Working in Australian rural and remote communities provides students with many unique learning opportunities and challenges they may never experience in a metro setting. Student's will gain valuable insight into rural and remote practice settings; gain in-depth knowledge of cultural awareness relevant to local communities and receive high-standard clinical support and guidance during their clinical placement. Often students comment on how they have grown and extended themselves not only on a professional level, but on a personal level as well.
Author of 'The Extra Mile: The Essential Guide for Health Professionals going bush' Christine Franklin, sums up both personal and professional benefits of working in rural and remote areas around Australia:
“Rural health has the potential to take you places you may never have imagined possible. It will push your boundaries and stretch your capacity. And before you know it, your knowledge base will have extended beyond the scope of your discipline, outside traditional boundaries of health, across sectors and across the community - and it will change you."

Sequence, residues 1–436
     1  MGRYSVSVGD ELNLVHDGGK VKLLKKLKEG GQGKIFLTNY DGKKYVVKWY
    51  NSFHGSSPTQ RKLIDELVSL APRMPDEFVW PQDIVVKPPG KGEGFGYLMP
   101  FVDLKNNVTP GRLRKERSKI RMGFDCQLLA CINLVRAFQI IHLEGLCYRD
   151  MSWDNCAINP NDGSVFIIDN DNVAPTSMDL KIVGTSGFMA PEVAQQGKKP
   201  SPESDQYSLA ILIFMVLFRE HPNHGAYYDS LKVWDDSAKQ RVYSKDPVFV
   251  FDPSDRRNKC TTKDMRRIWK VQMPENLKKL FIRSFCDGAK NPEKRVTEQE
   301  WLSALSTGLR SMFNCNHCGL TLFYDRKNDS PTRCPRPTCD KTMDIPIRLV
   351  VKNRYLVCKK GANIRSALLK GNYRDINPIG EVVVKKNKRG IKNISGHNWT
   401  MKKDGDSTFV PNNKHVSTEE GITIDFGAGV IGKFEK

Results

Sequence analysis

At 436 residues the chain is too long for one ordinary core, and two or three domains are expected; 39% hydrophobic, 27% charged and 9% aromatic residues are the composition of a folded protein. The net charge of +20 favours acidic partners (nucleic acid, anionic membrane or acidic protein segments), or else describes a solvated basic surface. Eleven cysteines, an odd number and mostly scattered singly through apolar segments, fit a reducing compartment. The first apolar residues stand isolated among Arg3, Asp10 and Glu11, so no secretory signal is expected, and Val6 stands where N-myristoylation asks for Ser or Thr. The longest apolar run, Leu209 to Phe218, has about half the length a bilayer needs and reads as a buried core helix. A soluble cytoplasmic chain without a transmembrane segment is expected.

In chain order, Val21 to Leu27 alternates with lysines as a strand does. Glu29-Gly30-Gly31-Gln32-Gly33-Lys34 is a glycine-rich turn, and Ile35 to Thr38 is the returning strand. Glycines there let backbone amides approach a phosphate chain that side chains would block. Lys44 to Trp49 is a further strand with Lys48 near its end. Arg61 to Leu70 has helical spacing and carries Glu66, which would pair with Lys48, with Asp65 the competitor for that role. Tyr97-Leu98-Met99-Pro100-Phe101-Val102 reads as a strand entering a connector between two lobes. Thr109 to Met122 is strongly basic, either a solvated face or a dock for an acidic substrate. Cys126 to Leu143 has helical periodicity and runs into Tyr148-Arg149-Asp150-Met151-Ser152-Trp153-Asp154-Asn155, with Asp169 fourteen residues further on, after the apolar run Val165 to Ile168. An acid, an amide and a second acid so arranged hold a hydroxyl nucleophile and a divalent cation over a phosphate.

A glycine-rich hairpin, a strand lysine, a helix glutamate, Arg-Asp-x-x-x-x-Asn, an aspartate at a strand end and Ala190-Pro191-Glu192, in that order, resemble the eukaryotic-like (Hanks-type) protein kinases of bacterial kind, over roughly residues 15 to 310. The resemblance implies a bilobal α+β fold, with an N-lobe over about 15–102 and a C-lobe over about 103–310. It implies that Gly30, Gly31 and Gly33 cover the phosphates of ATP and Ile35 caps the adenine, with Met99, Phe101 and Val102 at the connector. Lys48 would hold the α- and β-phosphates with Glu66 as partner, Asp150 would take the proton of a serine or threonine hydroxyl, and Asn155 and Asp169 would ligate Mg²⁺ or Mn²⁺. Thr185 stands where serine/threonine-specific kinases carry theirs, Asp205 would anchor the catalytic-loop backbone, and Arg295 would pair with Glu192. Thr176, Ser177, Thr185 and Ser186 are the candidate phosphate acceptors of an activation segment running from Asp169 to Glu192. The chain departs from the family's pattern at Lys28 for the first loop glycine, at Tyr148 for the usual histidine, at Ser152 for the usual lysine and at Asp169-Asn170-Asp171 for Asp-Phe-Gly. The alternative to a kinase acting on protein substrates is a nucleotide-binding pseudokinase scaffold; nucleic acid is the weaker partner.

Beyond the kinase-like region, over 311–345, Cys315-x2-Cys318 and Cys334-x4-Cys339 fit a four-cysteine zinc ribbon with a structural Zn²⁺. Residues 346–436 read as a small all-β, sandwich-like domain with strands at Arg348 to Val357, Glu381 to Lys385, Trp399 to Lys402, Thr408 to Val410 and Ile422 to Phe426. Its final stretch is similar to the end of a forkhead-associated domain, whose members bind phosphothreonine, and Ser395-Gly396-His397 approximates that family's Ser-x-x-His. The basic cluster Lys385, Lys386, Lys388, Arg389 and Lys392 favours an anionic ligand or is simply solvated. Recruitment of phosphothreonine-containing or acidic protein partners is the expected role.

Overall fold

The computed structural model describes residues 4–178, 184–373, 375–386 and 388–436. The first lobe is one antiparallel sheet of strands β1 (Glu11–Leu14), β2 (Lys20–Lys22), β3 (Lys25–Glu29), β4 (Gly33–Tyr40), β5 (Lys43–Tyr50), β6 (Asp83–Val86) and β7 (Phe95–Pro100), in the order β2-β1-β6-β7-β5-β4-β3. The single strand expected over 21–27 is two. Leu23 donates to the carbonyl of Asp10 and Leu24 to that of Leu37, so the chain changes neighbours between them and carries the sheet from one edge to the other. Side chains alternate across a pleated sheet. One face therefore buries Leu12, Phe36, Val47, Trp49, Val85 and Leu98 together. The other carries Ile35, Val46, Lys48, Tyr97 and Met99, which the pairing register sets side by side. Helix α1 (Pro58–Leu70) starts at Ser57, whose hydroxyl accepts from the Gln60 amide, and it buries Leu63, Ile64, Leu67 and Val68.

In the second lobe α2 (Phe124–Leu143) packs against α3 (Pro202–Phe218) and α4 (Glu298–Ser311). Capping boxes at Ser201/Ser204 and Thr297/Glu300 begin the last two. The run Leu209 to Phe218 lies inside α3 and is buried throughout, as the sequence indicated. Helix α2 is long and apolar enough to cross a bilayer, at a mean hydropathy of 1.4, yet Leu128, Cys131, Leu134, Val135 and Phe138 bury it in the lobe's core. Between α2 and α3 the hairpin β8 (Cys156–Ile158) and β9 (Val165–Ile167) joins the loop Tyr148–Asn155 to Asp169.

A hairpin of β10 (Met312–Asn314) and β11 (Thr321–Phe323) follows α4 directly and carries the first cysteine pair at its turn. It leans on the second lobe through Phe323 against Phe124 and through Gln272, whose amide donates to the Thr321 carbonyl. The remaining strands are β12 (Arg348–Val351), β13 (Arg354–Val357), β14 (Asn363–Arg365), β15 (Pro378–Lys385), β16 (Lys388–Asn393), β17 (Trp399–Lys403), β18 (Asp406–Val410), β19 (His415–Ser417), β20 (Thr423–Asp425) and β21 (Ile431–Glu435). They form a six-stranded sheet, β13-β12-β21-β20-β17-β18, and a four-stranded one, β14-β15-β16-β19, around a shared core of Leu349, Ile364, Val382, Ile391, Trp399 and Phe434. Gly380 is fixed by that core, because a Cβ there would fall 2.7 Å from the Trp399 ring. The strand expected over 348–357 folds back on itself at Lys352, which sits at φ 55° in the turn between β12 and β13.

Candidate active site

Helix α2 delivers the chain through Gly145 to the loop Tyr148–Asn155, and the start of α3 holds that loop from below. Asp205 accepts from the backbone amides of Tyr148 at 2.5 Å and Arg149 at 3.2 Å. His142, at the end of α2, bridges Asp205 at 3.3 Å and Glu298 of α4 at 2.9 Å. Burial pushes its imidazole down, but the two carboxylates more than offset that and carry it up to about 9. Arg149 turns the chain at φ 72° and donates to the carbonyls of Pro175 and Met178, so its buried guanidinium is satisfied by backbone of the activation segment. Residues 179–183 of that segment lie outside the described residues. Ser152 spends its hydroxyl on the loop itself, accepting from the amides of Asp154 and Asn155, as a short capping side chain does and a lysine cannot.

Professor Janie Dade Smith, Professor of Innovations in Medical Education Faculty of Health Sciences and Medicine, Bond University QLD, is a renowned author of rural, remote and Indigenous health. Janie was born and raised in rural Australia and has extensive experience in areas such as health education, national curriculum development, policy development, program accreditation, Indigenous health and rural and remote health to name a few.
'Have an open heart, be willing to laugh at yourself because you are going to be in those cross cultural situations where you have no idea what's going on' (Professor Janie Dade Smith, 2017).
Listen to Janie’s experience and insights working as a health professional in rural and remote locations around Australia.
Youtube: Janie Dade Smith (10:44)